Ah yes, a government elected into office that promised us all greater standards of honesty and accountability; but no, it’s just business as usual, that we’ve long endured for decades in the Northern Territory.
It really makes no difference who’s in charge.


Four dogs suspected poisoned with 1080
@ Ruth Weston (Posted September 7, 2018 at 1:08 pm): Sodium fluoroacetate is the commercially produced 1080 poison, and is closely related to potassium fluoroacetate, the poisonous chemical found in a wide variety of plant species.
Both chemicals have the same effect, disrupting the Krebs Cycle (or Citric Acid Cycle) which disrupts the ability of cells to metabolise carbohydrates, fats and proteins for energy production.
It was biochemist Ray Murray, based in Alice Springs with the Animal Industry Branch from 1954 to 1966, who first identified the naturally occurring 1080-based compound that occurs sporadically in poison Gidgee (Acacia georginae) which plagued the beef cattle industry in the east of Central Australia and across the Queensland border.


Stagnant CBD; industrial land, rental shortage; houses hold
The photo caption “The ANZ Bank has relocated from this prime Todd Street North site, opposite the Visitor Centre, to Gregory Terrace” serves – perhaps inadvertently – to emphasise the “moving of deckchairs” in the CBD, as the Visitor Centre itself was relocated to its present site a few years ago from its former Gregory Terrace location adjacent to the Civic Centre … and that particular building, the former Queen Elizabeth II Infant Welfare Clinic, that was heavily modified and opened to great fanfare in 1997 as the new Visitor Centre, remains steadfastly vacant.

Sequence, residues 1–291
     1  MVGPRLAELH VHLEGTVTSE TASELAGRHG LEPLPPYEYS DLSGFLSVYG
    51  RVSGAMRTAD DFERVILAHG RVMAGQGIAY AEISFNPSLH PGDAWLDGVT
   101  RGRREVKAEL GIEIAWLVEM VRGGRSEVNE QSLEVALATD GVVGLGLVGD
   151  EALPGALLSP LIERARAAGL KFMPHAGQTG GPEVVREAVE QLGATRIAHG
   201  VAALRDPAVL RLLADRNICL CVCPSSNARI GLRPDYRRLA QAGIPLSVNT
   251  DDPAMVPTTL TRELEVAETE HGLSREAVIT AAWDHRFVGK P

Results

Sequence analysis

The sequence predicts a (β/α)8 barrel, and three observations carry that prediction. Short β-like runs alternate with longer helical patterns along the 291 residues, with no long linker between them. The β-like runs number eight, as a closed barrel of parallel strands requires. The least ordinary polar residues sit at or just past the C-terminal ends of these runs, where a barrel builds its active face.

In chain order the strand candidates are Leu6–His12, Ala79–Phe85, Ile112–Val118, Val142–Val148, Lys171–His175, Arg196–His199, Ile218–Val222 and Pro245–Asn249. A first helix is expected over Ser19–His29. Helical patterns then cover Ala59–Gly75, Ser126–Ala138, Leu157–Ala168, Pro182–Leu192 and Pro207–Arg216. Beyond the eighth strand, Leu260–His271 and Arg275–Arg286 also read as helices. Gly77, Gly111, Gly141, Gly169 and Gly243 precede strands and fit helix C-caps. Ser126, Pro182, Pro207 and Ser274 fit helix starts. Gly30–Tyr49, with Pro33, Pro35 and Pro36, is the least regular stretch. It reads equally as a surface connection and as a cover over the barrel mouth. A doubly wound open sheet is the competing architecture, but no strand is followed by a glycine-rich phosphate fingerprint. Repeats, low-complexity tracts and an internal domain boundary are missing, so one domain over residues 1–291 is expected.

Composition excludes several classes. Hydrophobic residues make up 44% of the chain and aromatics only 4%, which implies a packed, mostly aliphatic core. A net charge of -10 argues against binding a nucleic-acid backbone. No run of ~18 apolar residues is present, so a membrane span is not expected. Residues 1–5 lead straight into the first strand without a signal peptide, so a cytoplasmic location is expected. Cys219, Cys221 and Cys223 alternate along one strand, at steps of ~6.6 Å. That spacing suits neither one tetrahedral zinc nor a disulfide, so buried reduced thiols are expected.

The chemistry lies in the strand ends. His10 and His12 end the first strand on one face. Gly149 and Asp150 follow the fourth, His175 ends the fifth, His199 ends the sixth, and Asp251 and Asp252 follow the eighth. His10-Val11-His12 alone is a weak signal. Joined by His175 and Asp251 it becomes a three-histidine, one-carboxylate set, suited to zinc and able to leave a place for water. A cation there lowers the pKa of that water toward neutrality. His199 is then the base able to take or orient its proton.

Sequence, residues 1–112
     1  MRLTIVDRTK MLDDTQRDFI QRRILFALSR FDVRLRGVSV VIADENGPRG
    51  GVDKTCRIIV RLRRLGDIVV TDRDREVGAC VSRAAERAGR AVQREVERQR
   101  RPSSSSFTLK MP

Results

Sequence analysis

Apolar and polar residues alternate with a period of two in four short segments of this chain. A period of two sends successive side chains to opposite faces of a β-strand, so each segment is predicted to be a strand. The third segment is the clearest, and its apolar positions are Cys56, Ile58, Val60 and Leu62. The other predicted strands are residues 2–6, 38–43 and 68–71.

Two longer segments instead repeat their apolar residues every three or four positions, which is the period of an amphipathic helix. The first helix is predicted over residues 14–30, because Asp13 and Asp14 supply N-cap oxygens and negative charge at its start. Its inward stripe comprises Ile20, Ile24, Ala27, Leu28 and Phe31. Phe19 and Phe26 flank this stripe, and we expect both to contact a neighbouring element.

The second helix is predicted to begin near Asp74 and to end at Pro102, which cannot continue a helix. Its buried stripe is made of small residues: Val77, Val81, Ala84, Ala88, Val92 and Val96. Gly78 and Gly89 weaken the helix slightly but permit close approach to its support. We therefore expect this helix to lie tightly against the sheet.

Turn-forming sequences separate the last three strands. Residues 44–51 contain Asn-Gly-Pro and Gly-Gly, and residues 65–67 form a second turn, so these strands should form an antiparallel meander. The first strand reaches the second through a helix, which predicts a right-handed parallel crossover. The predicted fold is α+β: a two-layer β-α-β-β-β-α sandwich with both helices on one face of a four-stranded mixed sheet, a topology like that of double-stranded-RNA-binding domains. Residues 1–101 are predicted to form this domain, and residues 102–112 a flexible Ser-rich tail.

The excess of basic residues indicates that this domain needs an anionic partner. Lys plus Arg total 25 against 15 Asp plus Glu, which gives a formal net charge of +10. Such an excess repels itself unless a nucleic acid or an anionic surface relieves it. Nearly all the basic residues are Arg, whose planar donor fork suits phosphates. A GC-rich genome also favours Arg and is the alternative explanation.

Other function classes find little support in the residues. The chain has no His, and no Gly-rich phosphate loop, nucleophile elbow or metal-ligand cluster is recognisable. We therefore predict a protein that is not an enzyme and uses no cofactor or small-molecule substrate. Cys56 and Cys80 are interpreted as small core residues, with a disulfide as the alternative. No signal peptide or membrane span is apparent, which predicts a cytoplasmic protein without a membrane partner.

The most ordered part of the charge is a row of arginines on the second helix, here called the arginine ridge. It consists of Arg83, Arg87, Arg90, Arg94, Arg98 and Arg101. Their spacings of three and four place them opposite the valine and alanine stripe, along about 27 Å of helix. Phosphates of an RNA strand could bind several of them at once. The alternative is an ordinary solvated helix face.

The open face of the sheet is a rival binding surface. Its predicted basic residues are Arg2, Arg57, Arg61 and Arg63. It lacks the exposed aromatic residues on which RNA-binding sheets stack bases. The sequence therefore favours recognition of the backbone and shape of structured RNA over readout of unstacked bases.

Aside from the shift of the ANZ Bank (which, incidentally, opened its doors on its former Parsons Street site in August 1962, exactly 56 years ago) and the recent Wicked Kneads shop on the opposite corner now up for sale, there has also been the closure recently of two nearby hairdresser businesses, too – one of which was for sale for a long time but obviously attracted no serious interest.
Just yesterday, walking along Gregory Terrace, I was shocked to see “For lease” notices plastering the windows of La Casalinga restaurant, a long-standing business in this town and even something of an institution.
This town has weathered significant economic downturns on previous occasions – the mid 1970s, the late 1980s and early 1990s – but I’ve never seen the relocation of so many businesses (the “shifting of deckchairs”) on such a scale as has been occurring in recent years. It’s quite a phenomenon.
This situation is concurrent with the only significant new developments – the Green Well Building in Bath Street and the multi-storey Supreme Court building in Parsons Street – being occupied by government departments and instrumentalities, to the detriment of existing commercial lease stock in town. These developments, along with the re-opening of Todd Street North to traffic again, have done nothing to arrest the decline of the CBD, notwithstanding all the hype and propaganda of government and the private sector arguing in support of them.
Recent history quite clearly shows that the proposed National Indigenous Art Gallery will prove NOT to be the economic nirvana for this town. Exactly the same rationale was given for the developments of the casino almost four decades ago, the major hotel developments in the 1980s and the Alice Springs Desert Park in the 1990s – clearly none of these institutions, either on their own or altogether, have assisted in averting the current decline of our town, and there is no reason or evidence to show that the gallery will prove to be any different.
On the contrary, it will be yet another expensive long-term burden for the taxpayer to bear.